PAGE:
Cleary: 'It's dog eat dog but I have no regrets'
It is the kind of story that's guaranteed to command attention in an era when Irish players at elite English clubs are an endangered species.
The news that young Dubliner Daniel Cleary had been drafted into the Liverpool squad for a Europa League date with Bordeaux in September 2015 was headline news.
In these pages, it was pointed out that Richie Partridge was the last Irish-born player to pull on the red shirt. His League Cup appearances came in the 2004/'05 campaign.
That statistic still stands. Cleary was well regarded by Brendan Rodgers, but the Liverpool dream died without a single first team appearance. He then went to Birmingham where the departure of Gary Rowett ended any prospect of a breakthrough. At 21, he's following the path of talented youngsters coming home with a view to delivering on their potential.
Tonight, he should make his home debut for Dundalk against Limerick after a late move from Stephen Kenny swayed Cleary away from a proposed move to Shamrock Rovers.
In Tallaght last Friday, he impressed against the Hoops with Kenny clearly buoyed by the centre-half's contribution. He has fared well with Crumlin United alumni before - Andy Boyle and Richie Towell have starred in his era in Louth - and he now hopes that Cleary can emulate their success.
On the park, he is confident. Off it, he retains some of the characteristics that come from a stay at a top club. His answers are short and he shies away from direct eye contact in interviews; it's safe to assume that media training was part of his education.
Yet it's clear that he has a story to tell too, as he gradually opens up while discussing the cut-throat nature of his industry once you move beyond the teenage years of promise.
"It's hard over there," he says. "It's not easy. It's dog eat dog out there, but overall it was a great experience. You do not know what's going to happen in football. Listen, going over at 15 years of age, you're only a kid and you're thrown in at the deep end.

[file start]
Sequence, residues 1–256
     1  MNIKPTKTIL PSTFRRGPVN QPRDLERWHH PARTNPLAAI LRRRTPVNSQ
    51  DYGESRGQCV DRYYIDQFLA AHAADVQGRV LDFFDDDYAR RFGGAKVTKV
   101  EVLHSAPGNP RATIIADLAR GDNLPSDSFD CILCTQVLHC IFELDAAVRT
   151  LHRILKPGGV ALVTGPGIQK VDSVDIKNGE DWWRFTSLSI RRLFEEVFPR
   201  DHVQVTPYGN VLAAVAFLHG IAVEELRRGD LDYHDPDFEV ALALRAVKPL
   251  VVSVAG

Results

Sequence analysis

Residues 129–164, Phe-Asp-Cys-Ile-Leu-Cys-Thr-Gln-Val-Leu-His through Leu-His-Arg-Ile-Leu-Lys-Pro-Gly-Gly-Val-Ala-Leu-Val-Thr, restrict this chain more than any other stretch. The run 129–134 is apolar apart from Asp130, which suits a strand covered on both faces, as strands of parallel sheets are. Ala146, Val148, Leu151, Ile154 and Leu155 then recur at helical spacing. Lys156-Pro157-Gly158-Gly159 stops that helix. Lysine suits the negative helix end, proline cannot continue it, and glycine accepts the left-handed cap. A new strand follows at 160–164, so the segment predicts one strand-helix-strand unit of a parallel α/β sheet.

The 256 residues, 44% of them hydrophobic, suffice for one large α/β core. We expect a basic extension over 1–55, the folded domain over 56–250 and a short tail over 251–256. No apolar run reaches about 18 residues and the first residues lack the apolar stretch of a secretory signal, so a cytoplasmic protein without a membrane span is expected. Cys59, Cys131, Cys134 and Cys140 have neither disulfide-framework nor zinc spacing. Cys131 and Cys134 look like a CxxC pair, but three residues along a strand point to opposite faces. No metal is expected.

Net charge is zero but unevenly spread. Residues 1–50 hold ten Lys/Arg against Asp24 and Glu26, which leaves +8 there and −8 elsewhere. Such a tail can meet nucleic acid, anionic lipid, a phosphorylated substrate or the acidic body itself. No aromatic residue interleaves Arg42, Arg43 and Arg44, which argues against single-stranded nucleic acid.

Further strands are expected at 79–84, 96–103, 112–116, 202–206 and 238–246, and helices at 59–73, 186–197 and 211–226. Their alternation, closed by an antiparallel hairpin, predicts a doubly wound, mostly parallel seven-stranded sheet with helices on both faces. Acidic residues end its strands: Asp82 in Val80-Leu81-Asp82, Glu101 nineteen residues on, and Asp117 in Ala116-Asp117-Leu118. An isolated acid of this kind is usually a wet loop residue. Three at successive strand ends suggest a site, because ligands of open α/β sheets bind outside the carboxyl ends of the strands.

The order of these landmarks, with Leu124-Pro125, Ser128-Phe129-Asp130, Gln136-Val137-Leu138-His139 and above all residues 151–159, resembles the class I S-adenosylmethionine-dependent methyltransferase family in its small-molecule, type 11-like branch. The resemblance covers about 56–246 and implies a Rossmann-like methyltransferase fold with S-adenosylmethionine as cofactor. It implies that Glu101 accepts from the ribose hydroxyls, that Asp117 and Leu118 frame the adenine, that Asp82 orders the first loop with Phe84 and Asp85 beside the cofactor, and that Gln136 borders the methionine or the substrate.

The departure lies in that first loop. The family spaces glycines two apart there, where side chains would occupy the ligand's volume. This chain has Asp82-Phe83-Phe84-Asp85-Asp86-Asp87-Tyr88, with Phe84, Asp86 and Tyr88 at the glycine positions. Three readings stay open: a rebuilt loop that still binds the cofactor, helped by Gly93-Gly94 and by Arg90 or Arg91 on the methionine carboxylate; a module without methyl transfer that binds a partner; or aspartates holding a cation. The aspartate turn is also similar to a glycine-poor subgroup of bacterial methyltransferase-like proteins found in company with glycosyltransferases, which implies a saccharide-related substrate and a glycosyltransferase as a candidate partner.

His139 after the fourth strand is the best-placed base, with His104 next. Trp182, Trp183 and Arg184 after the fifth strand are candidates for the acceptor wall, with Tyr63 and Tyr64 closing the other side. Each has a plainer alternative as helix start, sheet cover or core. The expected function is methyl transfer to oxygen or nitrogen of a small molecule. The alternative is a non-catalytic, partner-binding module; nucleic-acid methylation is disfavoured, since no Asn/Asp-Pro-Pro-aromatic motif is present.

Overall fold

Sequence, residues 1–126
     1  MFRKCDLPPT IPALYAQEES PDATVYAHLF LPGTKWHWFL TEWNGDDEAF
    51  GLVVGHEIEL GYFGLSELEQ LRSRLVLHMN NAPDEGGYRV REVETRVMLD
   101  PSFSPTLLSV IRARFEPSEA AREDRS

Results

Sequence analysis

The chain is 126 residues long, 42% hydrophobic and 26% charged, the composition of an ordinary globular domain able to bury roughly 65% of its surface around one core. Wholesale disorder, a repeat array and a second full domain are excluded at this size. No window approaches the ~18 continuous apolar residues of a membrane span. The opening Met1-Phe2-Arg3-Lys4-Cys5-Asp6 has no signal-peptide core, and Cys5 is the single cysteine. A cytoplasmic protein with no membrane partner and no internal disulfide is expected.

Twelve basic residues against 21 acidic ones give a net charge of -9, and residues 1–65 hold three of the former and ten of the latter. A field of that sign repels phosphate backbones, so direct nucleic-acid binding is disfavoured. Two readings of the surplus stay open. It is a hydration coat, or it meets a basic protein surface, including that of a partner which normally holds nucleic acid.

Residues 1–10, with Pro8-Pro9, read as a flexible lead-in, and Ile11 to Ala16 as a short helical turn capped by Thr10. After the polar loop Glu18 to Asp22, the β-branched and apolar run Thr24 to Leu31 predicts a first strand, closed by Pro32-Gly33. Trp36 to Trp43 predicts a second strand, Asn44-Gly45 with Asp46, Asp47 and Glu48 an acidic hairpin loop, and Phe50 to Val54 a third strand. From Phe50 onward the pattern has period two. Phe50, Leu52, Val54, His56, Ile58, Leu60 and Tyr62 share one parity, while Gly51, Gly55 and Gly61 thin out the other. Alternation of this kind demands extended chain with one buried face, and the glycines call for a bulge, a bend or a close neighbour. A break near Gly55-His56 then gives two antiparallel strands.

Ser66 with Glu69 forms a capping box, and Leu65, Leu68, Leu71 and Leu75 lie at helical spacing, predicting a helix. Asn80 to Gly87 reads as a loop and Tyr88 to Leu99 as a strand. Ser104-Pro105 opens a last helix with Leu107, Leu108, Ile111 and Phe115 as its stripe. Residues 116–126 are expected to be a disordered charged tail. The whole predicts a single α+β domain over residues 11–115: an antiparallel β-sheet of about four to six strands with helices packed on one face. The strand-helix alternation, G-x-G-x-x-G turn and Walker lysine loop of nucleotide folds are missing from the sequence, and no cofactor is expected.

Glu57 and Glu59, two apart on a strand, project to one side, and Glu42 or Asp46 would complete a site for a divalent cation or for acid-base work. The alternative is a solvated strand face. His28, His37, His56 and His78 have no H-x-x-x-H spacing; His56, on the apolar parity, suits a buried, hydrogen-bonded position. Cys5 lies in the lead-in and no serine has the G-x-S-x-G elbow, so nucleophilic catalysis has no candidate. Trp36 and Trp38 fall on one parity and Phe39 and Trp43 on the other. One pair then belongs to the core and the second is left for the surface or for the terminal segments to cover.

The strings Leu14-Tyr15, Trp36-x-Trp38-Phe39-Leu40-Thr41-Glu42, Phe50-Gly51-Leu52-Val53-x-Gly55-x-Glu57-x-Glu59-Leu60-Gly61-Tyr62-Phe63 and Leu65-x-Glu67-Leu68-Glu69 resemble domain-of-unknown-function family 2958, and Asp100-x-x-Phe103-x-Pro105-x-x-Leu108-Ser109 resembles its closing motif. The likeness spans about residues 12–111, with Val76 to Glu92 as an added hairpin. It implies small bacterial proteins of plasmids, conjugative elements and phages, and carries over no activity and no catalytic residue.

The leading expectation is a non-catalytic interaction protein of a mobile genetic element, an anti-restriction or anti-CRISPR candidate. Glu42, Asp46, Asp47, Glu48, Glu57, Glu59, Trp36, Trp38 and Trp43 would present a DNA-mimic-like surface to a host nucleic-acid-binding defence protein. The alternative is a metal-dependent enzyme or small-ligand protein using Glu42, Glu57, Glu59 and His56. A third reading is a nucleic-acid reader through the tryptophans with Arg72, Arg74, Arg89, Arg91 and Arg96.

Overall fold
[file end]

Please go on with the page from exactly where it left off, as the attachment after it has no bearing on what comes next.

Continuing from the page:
"I was going to school there and you need to adapt very quickly. It made me grow up quickly and I am the person I am today from that experience.
"I don't regret any of it. You give it your best shot. I started down there, and I ended up there," he continues, raising his hand as if to act out the rise towards first team level. "And then I ended up back down there again. It's the ups and downs. You can't get too high with the highs or too low with the lows. You just need to stay humble through it all, and keep a steady head."
Holiday trips home in the summer opened his eyes to what was available if things didn't quite work out. In the summer of 2016, he watched Dundalk's early European exploits as an interested spectator and then continued to view from afar when he went back across the water.
That influenced his thinking when Kenny swooped as part of a courting process that took 'half a day' in the player's own words.
He thinks there is a meeting of minds on the style of defender Kenny wants. "I love getting on the ball as a centre-half," he says. "I love heading and kicking too... and playing football so it suits me down to the ground here. The gaffer likes ball-playing centre-halves.
"I went to Liverpool and came back as a different player. I was 19 when I was around the first team and it was a great experience. Brendan Rodgers was an unbelievable coach and took a lot of young lads under his wing. I learned a lot from the first team players and how they played and trained, the Liverpool way I think.
"When I went over, I wasn't as good on the ball but now I love the ball at my feet as a centre-half but you need to do the defending as well."
He didn't see himself ending up in Dundalk, of course. In a ruthless trade, the fall can be hard for players that have grown up in the biggest academies.
Strangely enough, he's not alone. Four other colleagues from his Liverpool days are here now and Cleary is the only Irish member of that quintet.
Craig Roddan came to Sligo first, and was followed over the winter by Scouse striker Adam Morgan. Hungarian Krisztian Adorjan is on-loan at Dundalk from Serie B side Novara. Last week, English-born Chilean keeper Lawrence Vigouroux signed for Waterford.
"It's crazy alright," says Cleary, "Krisztian was rated very, very highly at Liverpool. I've been talking to the others, yeah. I spoke to Lawrence when he said he was signing for Waterford.
"I'm buzzing to be playing, I loved every minute of the Rovers game. The standard is very high to be honest, especially up in Dundalk.
"I love the training facilities, the sports science and the whole lot. The manager, and there's some very good players around."
Naturally enough, he retains ambitions of succeeding across the water but he's signed a two-year deal at Dundalk and has bought into the idea of expecting trophies and European progress. If he can build on last Friday's impressive showing, he will return to notebooks as a name to remember.
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